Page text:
.

Justin Bieber: Never Say Never

Justin Bieber

Directed by John Chu
Rolling Stone: star rating
5 2
Community: star rating
5 2 0
14
February 11, 2011

Never Say Never is a documentary that takes us into the factory that manufactured Justin Bieber. Don't get me wrong. Bieber has energy, musicianship, a smile as thick and full as his hair, and genuine comic flair (check him out with Dana Carvey's Church Lady on SNL). But isn't 16 (he'll hit 17 on March 1st) a little young for a cinematic monument? Just sayin'.

Gallery: A History of Heartthrobs on the Cover of Rolling Stone

Yes, fans, Never Say Never is also a 3D concert film to delight the shy 13-year-old with braces that lives in all of us. Bieber fever spikes big time when our star pulls a fan from the audience at every show to sing "One Less Lonely Girl." Still there are tolerance levels to consider. The Bieb croons "baby baby baby baby" more times than Lindsay Lohan pleads "not guilty." After a while the movie starts to feel like lethal injection by bubblegum.

Peter Travers reviews Justin Bieber: Never Say Never in his weekly video series, "At the Movies With Peter Travers."

There is a mitigating "but." Never Say Never exerts a tantalizing, even perverse, fascination even without meaning to. Not in the concert scenes, which gin up suspense by making us that think that JB's throat infection might stall his Manhattan concert debut at Madison Square Garden. Talk about a fake out. It's Bieber's own story that pulls you in. He was born in Canada to a teen mom, Patti Mallette, dad, Jeremy Bieber, moving on to marry and have two more children. Home movies show us a talented tot drum beating a chair. YouTube videos show that gift develop enough to attract Scooter Braun as a manager and Usher as a mentor. The movie, with appearances by all of the above, barely skims the surface of those years. What we do see is mom, dad, Braun, Usher, vocal coach Mama Jan Smith and the burgeoning Team Bieber claiming they only want the best for the boy as he goes through a punishing 84-date concert tour. Group hug.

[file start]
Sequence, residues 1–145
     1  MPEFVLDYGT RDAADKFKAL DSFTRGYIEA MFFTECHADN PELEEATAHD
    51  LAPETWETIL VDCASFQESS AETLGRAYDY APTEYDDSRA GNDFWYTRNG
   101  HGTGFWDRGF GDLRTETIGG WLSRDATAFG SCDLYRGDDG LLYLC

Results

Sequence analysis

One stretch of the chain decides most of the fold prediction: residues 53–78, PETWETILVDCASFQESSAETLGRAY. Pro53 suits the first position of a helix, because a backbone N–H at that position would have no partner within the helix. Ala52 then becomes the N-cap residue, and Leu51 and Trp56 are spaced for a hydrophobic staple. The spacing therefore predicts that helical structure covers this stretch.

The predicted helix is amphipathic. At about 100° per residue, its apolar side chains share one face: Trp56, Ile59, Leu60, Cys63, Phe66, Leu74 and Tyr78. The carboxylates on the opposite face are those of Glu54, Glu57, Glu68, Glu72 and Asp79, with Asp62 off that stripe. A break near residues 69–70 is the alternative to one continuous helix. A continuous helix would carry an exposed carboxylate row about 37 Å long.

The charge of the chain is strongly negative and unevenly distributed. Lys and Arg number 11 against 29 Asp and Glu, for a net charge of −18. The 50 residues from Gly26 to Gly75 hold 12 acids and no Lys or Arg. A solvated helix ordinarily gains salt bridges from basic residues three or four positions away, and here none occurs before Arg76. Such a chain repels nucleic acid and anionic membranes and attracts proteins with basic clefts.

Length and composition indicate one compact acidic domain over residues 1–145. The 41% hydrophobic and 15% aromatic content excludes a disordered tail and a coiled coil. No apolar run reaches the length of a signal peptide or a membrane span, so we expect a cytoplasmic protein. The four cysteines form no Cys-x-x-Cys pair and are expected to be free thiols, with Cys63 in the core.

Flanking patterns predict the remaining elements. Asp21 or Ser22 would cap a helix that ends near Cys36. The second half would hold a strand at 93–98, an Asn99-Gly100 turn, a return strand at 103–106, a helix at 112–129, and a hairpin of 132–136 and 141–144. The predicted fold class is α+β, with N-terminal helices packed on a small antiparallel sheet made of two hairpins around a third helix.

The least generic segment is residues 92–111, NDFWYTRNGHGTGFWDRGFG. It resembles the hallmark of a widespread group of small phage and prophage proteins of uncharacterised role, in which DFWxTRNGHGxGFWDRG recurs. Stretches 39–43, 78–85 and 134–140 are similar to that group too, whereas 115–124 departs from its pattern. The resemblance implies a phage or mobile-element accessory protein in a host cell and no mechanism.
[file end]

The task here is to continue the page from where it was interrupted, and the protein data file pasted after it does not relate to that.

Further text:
The 10 Worst Movies of 2010

The most telling moment in the film comes when Bieber and Braun recall Madonna's remarks regarding Michael Jackson and how fame robbed him of his childhood. "Don't let that happen to me," says Bieber. The chorus of "never" that follows doesn't really allay concerns. When director Jon M. Chu isn't focused on the screaming fans, you can see those concerns seep into the fabric of film. A faux-sexy Bieber duet on "Overboard" with a scarily assertive Miley Cyrus is its own cautionary fable, as is the Bieber rap with
Jaden Smith, 12, on "Never Say Never," the theme from Smith's film, The Karate Kid. You can practically hear all the promotional elements click into place.  Maybe I'm reading too much into a movie meant only as a slick souvenir for Bieber fans. Maybe not.

The 10 Best Movies of 2010

14
prev
Movie Review Main Next

ADD A COMMENT

Community Guidelines »
loading comments

loading comments...

COMMENTS

Sort by:
    Read More

    Movie Reviews

    • Child of God
      star rating
      Well Go USA Entertainment
    • lucy
      star rating
      Universal Pictures
    • star rating
      IFC Films
    More Reviews »
    Around the Web
    Powered By ZergNet
    Daily Newsletter

    Get the latest RS news in your inbox.

    Sign up to receive the Rolling Stone newsletter and special offers from RS and its
    marketing partners.

    X

    We may use your e-mail address to send you the newsletter and offers that may interest you, on behalf of Rolling Stone and its partners. For more information please read our Privacy Policy.

    Song Stories

    “Madame George”

    Van Morrison | 1968

    One of the first stream-of-consciousness epics to make it onto a Van Morrison record, his drawn-out farewell to the eccentric "Madame George" lasted nearly 10 minutes, combining ingredients from folk, jazz and classical music. The character that gave the song its title provoked speculation that it was about a drag queen, though Morrison denied this in Rolling Stone. "If you see it as a male or a female or whatever, it's your trip," he remarked. "I see it as a ... a Swiss cheese sandwich. Something like that."

    More Song Stories entries »
    www.expandtheroom.com